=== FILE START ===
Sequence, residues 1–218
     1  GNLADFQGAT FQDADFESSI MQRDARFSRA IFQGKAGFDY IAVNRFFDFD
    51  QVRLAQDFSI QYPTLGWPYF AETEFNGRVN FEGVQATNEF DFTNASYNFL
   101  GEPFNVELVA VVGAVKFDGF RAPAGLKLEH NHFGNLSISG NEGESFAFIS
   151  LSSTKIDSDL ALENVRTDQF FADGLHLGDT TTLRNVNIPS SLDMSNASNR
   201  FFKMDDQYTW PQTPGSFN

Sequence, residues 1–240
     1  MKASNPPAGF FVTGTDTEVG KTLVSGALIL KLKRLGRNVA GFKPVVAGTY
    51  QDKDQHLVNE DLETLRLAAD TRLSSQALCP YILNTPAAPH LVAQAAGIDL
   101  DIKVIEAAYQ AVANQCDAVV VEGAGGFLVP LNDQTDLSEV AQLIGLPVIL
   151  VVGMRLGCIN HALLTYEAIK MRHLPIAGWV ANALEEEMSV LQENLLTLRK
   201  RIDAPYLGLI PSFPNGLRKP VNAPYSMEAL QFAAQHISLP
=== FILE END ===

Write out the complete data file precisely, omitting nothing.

Sequence, residues 1–218
     1  GNLADFQGAT FQDADFESSI MQRDARFSRA IFQGKAGFDY IAVNRFFDFD
    51  QVRLAQDFSI QYPTLGWPYF AETEFNGRVN FEGVQATNEF DFTNASYNFL
   101  GEPFNVELVA VVGAVKFDGF RAPAGLKLEH NHFGNLSISG NEGESFAFIS
   151  LSSTKIDSDL ALENVRTDQF FADGLHLGDT TTLRNVNIPS SLDMSNASNR
   201  FFKMDDQYTW PQTPGSFN

Sequence, residues 1–240
     1  MKASNPPAGF FVTGTDTEVG KTLVSGALIL KLKRLGRNVA GFKPVVAGTY
    51  QDKDQHLVNE DLETLRLAAD TRLSSQALCP YILNTPAAPH LVAQAAGIDL
   101  DIKVIEAAYQ AVANQCDAVV VEGAGGFLVP LNDQTDLSEV AQLIGLPVIL
   151  VVGMRLGCIN HALLTYEAIK MRHLPIAGWV ANALEEEMSV LQENLLTLRK
   201  RIDAPYLGLI PSFPNGLRKP VNAPYSMEAL QFAAQHISLP